Highway, overlooking Park Hills and Covington. Much of the early housing development, including the Fort Henry and General Dr. subdivisions and the streets along Park Rd. and the west side of Sleepy Hollow Rd., was done by Nick Kreutzjans, Fred Riedinger, and Joseph Trenkamp. Lookout Heights was incorporated as a sixth-class city in 1937, after a campaign led by a group of residents known as the Dixie Welfare Association, who were troubled by insufficient fire protection. Although largely residential, Lookout Heights had a diverse set of business and community organizations, among them St. Agnes Catholic Church and school, the Dixie Gardens Drive-In Theatre (see Drive-Ins), Oelsner’s Colonial Inn, the Hillcrest Tavern, the Lookout Motel, Lookout Bowl, a goldfish farm, a golf driving range, and the Dixie Bicycle Club, which offered bicycle paths, horseshoe courts, an archery range, and canoeing. The most famous locale was the Lookout House, a well-known nightclub along the Gourmet Strip of Dixie Highway. Offering casino-style gambling and national entertainers such as Frank Sinatra, it became notorious for its ongoing gambling problems. The Lookout House, after a decades-long run, burned to the ground in 1973. In 1964 the Lookout Heights Civic Club building opened and became a central gathering spot for the community as well as the seat of city government. Former mayors of Lookout Heights include Russell Oelsner (owner of Oelsner’s Colonial Inn), J. R. Blumlein, Howard Schambach, and Alfred Beasley. Annexation was an ongoing topic in Lookout Heights as in neighboring towns, leading to a major battle with Covington in the early 1980s. Covington tried to annex undeveloped land in the Fort Henry subdivision in the 1960s, but the landowners sued to block annexation, and the matter languished in court for over two decades. In 1980 the court ruled in favor of Covington; however, Fort Wright used a new state law that permitted reannexing land and put the issue on the ballot. Residents voted overwhelmingly to leave Covington and return to Fort Wright. In the interim, seeking better fire protection and wishing to prevent annexation by Covington, Lookout Heights merged with Fort Wright. In November of 1967, Fort Wright voted 532 to 319 in favor of the step, while Lookout Heights voted 389 to 150 for the merger; in 1968 the merger was complete, and the Lookout Heights name was dropped in favor of Fort Wright. City of Fort Wright 50th Anniversary Booklet. Fort Wright, Ky.: City of Fort Wright, 1991. “The City They All Seem to Want,” KP, November 11, 1985, 4K. “Dixie Bicycle Club Takes Over Plot for Recreation Project,” KP, March 14, 1941, 18. “Lookout Heights Has Vigor of Youth,” KE, June 26, 1958, 1K. “Park Hills, Ft. Wright, Lookout Heights Talk More on Merger,” KE, March 21, 1967, 19. “Town Groups Organize Dixie Municipal League,” KP, March 20, 1940, 1.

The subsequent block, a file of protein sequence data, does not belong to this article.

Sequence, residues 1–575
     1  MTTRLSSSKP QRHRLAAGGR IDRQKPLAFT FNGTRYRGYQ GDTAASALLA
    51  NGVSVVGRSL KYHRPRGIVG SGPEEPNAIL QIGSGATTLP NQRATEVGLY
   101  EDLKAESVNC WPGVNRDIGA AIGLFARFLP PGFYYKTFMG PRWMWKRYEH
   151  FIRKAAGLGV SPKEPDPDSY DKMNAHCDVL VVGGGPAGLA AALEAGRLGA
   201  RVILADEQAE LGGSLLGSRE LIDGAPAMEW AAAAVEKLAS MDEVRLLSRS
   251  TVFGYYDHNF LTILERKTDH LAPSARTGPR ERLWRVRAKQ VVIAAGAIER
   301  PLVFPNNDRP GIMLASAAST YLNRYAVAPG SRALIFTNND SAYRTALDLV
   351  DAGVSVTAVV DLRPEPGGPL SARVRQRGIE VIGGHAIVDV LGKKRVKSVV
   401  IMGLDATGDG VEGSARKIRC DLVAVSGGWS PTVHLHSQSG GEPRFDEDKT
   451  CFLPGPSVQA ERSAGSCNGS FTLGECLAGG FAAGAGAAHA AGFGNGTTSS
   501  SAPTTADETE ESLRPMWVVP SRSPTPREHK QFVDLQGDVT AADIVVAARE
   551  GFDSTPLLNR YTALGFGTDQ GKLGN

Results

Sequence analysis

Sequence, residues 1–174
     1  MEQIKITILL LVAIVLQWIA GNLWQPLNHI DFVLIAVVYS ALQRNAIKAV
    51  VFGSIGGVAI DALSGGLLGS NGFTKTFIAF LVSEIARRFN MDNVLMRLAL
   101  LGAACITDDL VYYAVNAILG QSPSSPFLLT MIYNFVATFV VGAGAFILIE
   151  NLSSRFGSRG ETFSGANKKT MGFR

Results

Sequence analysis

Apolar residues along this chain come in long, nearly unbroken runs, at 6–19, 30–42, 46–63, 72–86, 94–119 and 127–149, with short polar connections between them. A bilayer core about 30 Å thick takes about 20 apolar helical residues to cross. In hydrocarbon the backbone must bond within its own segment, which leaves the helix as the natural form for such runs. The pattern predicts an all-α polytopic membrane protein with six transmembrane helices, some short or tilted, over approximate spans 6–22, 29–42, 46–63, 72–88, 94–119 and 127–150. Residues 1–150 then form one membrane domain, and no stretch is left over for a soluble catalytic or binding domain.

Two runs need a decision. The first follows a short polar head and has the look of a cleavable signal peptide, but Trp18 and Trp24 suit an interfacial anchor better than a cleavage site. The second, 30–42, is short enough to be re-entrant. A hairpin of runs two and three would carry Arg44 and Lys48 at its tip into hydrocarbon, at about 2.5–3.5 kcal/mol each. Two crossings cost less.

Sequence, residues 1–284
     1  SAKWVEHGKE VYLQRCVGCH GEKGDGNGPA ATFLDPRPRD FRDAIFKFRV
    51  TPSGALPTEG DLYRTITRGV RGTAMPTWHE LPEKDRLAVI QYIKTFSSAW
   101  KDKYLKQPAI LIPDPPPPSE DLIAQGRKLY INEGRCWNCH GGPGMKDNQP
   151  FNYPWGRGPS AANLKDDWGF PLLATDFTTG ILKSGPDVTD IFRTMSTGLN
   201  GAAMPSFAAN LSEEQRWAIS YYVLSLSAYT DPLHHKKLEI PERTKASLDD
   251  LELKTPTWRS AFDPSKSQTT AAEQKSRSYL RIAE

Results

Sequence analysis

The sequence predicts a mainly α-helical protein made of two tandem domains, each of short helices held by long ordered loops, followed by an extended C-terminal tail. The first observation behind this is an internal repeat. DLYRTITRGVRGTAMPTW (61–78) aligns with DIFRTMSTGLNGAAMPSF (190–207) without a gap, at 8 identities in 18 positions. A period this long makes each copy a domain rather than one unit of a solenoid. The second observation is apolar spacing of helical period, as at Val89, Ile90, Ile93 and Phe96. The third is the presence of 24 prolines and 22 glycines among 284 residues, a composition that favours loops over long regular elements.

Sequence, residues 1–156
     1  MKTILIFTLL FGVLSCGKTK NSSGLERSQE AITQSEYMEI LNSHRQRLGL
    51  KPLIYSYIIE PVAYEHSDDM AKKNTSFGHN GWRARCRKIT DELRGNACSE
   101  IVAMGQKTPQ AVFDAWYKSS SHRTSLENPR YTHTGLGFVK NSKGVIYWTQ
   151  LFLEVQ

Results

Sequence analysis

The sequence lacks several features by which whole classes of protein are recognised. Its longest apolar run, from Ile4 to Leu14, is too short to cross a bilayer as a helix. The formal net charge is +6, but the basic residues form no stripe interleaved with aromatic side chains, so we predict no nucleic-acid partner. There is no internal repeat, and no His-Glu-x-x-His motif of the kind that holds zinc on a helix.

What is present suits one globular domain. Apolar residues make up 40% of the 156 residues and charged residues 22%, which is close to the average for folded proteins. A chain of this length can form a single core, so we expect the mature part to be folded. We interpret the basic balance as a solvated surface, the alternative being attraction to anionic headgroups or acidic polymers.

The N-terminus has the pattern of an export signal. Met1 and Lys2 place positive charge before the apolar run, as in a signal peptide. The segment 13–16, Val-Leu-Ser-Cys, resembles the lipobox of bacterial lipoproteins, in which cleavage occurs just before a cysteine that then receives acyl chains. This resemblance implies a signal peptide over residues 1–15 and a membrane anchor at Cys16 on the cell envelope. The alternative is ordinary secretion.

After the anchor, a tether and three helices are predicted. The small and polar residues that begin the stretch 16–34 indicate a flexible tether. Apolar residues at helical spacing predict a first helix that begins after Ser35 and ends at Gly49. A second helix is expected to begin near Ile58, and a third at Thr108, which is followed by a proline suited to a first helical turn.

Dave Hatter